7) As SOON as host starts speaking to camera, start smiling at him/her.  The shot may be of the two of you and you looking miserable and anxious is not a good look.

8) If you must have notes to refer to - which is not recommend unless it's a toll free number or complex website -  print them out 1" high so  you can see it at a glance.

9) When it's over, you'll be walked from the set and de-miked.  Remove your makeup and interesting as it all has been, they don't need you hanging around.  But nice to send a note thanking the producer for the opportunity.

10) Above all, remember it's just a conversation. Do your best to have fun.  Chances are it's not Sixty Minutes.   And if it is, give me a call.


September: Radio interviews

The call has come:  someone wants to interview you on the radio! If this is your first time - or you've been interviewed before but weren't thrilled with the results - these tips might help.

Find out the purpose of the interview (let's say it's about growing numbers of visitors to your attraction). Ask what sort of questions may come up, and - a really useful tip - how long the interview will be.  A 30 second clip is quite different from a 4 minute marathon! 

If you're not familiar with the show, try to listen to an episode or two so you can guage the tone of the program - hard news or funny/wacky commentary? 

If it's not the interviewer who has contacted you, find out the name of the person who will be chatting with you.  

If possible do go into the studio:  eye contact can be a huge help.  If not possible, try to do the interview in a private spot with a closed door.  You don't want to hear the photocopier outside your cubicle start on a massive print job just as you go live on air!

During the interview:

- speak s l o w l y. Nerves tend to make us rush-our-words.

- use the name of the interviewer a couple of times (not so often you sound sycophantic but enough to make you sound friendly and human)

- try to steer clear of too many numbers. Instead of "Visitor numbers are up 56.38 per cent since 2009" try "Visitor number are up by more than half in the past four years".

- call websites just by their website name i.e., not the rather clunkier sounding

When the interview is over, the interviewer will simply hang up - don't be shocked that there isn't a little friendly chitchat between the two of you at the end of the segment.  That's just how it is...on radio!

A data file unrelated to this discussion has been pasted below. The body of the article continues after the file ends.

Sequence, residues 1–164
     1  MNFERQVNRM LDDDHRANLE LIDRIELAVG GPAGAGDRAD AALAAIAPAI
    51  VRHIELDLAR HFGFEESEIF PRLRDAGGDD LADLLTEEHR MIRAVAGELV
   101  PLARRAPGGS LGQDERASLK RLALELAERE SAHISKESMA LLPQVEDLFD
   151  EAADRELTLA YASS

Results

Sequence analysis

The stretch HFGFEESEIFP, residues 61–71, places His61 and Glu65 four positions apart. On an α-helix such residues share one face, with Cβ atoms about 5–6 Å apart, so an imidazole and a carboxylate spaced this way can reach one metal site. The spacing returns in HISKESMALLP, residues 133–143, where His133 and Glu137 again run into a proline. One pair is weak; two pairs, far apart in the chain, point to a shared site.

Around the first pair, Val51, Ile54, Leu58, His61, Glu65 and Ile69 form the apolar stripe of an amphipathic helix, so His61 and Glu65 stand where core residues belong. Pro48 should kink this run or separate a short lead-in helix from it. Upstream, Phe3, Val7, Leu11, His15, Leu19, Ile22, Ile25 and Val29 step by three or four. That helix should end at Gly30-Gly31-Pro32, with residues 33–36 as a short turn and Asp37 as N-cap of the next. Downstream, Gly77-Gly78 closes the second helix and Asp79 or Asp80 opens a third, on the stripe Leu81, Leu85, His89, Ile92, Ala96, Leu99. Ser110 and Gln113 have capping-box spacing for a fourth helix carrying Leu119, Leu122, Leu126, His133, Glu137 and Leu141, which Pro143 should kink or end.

August - make the media love you

You don't have to be the biggest (or smallest), newest (or oldest), most high-tech (or quaintest).  When dealing with the travel media, it's often about the characters.

So envy the tourism folks in Clarington, a region about an hour's drive east of Toronto along Lake Ontario. Not only do they have scenic beauty and charming towns and villages, they have attractions which are as picturesque as they are quirky.  As local tourism booster Jim Boate put it, "We like to think we're a best kept secret - but we're not trying to keep the secret."

Take Newcastle's A Gift of Art, a 150 year old home which now houses art of all types by local artists, including a 19 year old glass blower.  They host "Knitting in the Garden" afternoons each Sunday.  How sweet is that? The antique-hunters' village Orono boasts Silly Sisters Antiques (guess where I'm headed this weekend, drawn by just the name).  And each fall Bowmanville celebrates all things apple with their Applefest.

But the local attraction which really caught my eye as a tourism promoter is the Archibald Estate Winery. A fruit winery is cool. One with an orchard into which is sprinkled a par 3 executive golf course is even cooler. But it's coolest is when the owner - in this case the personable Fred Archibald - makes such heartfelt comments as: "I have touched every bottle of wine that comes out of our winery," and "The most valuable experience is to see a real farm, not a pretend farm with a 'petting zoo' with a couple of goats borrowed from a neighbour."

That makes PR folks like me beam with pleasure.  It's real, it's not rehearsed, and reflects someone's passion for what they do.  What a great tourism ambassador!

p.s. And it helps when there's signage like "Golf proshop in the winery".  Now that's a keeper!